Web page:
You’re not Chirurgus. Chirurgus tells me I have to keep working until I finish my job.
The following preview is of chapter five of TIMELESS KEEPERS, the recently published third volume of our quanum fiction/magic realism quintet, THE TAMMABUKKU CHRONICLES.
I feel my Daniel rage erupt when I think of the fate of Grayson Hall. Who was this strange Lev, and did he have anything to do with the fire? “Did Gabriel think that Lev might have been connected to what happened?”
Joanna nods. “Gabriel believed that the fire was deliberately set, but they couldn’t prove arson, despite our suspicions.”
“But who’d do such a despicable thing?” Lia asks. “There would have to be a motive.”
Visibly frustrated, Joanna says, “No Grayson gained anything by the fire that was for sure—it was only a devastating loss. All the money in the world could never replace Grayson Hall. It was the seat of our family for four centuries.”
“I heard they blamed it on using modern appliances with faulty wiring,” June comments.
“That theory was unsubstantiated,” Timothy replies. “I also heard that it was caused by a kerosene heater, but investigators found no evidence of an explosion.”
Joanna shakes her head. “There was no shortage of theories, but none of them could be proven. I remember Ralph, our valet, swearing that two of the other buildings were burning separately before the fire tore through the dry landscape and formed one conflagration. He said it was only as everyone started running outside that the fire spread, but because he was still awake when it started, he was positive that the manor house, carriage house and stables were burning separately before the three fires turned into one. The stable manager freed all the horses in the nick of time. My horse was found several kilometers past Thornton-le-Dale.”
“I remember that the fire started in the middle of the night,” Timothy begins. “Our father shook Rosalie and me awake, and we couldn’t believe what we were seeing—it all seemed surreal. It was drier than usual that year, which didn’t help, but something didn’t add up. Father was also sure he saw the buildings burning separately.”
“I’ll go to my grave swearing that the fire was deliberately started,” Joanna solemnly states.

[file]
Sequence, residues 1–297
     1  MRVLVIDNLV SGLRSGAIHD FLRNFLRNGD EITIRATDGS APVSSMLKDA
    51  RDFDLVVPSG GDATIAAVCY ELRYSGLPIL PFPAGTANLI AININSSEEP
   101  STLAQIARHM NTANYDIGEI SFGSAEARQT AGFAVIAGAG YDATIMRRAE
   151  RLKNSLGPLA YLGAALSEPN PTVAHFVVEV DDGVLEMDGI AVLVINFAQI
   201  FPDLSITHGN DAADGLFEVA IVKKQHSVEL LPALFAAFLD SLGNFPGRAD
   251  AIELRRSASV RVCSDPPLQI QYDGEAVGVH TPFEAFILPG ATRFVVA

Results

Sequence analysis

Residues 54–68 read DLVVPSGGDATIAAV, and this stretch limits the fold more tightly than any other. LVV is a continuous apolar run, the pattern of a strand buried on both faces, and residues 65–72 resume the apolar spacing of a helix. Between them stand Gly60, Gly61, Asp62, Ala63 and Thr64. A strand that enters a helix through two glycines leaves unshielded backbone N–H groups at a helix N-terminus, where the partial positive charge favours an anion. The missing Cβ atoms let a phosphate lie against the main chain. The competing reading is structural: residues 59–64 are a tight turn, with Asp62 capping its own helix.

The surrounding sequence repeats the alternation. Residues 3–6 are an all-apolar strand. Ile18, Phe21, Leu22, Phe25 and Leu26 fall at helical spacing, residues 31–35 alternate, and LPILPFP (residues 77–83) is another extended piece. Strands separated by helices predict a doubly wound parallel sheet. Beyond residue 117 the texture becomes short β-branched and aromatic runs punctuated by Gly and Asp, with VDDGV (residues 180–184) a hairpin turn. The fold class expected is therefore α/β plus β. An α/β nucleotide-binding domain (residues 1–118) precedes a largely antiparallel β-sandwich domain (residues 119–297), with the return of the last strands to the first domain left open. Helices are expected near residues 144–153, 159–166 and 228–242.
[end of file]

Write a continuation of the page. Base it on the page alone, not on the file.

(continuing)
Since hearing about Lev, my mind has been racing, and the story has left me disconcerted. “The arsonist to whom you’re alluding is Lev, isn’t it?”
“Well, I believe it’s noteworthy that Lev disappeared that very night and was never heard from again,” Timothy replies. “It has stuck in my craw all these decades. A week before my father died, we spoke about this subject.”
“The investigation couldn’t prove a criminal act,” Joanna says with a tinge of bitterness.
Lia’s expression turns incredulous. “Wasn’t Lev’s disappearing on the same night enough to raise every eyebrow?”
“Not to mention that two people said they saw three fires burning separately before they spread,” June adds.
“They took all of that into account,” Joanna responds, “but at the end of the day, it’s about what they find, not what they sense.”
“What about Lev?” June asks. “Did they ever find him?”
“They tried for years,” Joanna answers, “but he was never found. All the other displaced members of the staff gave their statements—only Lev’s was missing. The stable manager chastised himself for not asking for more background information, but Lev was a mere stable hand. Papa told him that he was the one who should chastise himself for listening to me by not firing Lev when he wanted to, but the stable manager remained terribly remorseful the rest of his life.”
“It was a different world back then,” Timothy explains. “There was less fear of strangers. We had just come out of World War II. The stable manager wanted to help kids like Lev who were obviously alone in the world. Unfortunately, in this case, it seems his trust was misplaced.”
“And if Lev was guilty, then my trust was also misplaced,” Joanna adds, “because I insisted he was harmless when Papa wanted to fire him.” She sips her wine before continuing. “The night before the fire, Gabriel and I were walking in the garden, while Lev was watering. He glared at Gabriel from a distance, and when I saw that malevolent look, I remarked to Gabriel that his crush had gone too far, and I would have another talk with Papa. This time I wanted Lev dismissed. When we passed by the area where Lev was working, Gabriel tried to be cordial by mentioning what a splendid sunset it was. I’ll never forget how Lev replied. He said that some people are not good enough at birth to enjoy a sunset the way they would like to. He never looked up from what he was doing, but we could hear the intensity in his voice. Gabriel suggested that he take the rest of the night off, and the stable manager would never question Gabriel’s decision. Instead of being pleased, however, Lev said, ‘You’re not Chirurgus. Chirurgus tells me I have to keep working until I finish my job.’”
I shudder. “Chirurgus? That name sends a serious chill down my spine.”
“Mine, too, David,” Joanna commiserates. “Every time I think about that name I immediately want it out of my mind. I even told Gabriel I didn’t want to talk about it when he tried to bring the subject up. All of that surprises me, as I’m not usually that way.”
June quivers. “I don’t think Chirurgus is a word in any language for the Creator.”
Timothy gives a bitter chortle. “Lev was not religious. He refused to go to church on Sunday, claiming that God never did anything for him.”
“I already knew that ‘Chirurgus’ wasn’t one of the seventy-two names of God.” I don’t have to look at Lia to know I’m not the only one drawing parallels with “Mrs. Graeber” talking about the Master.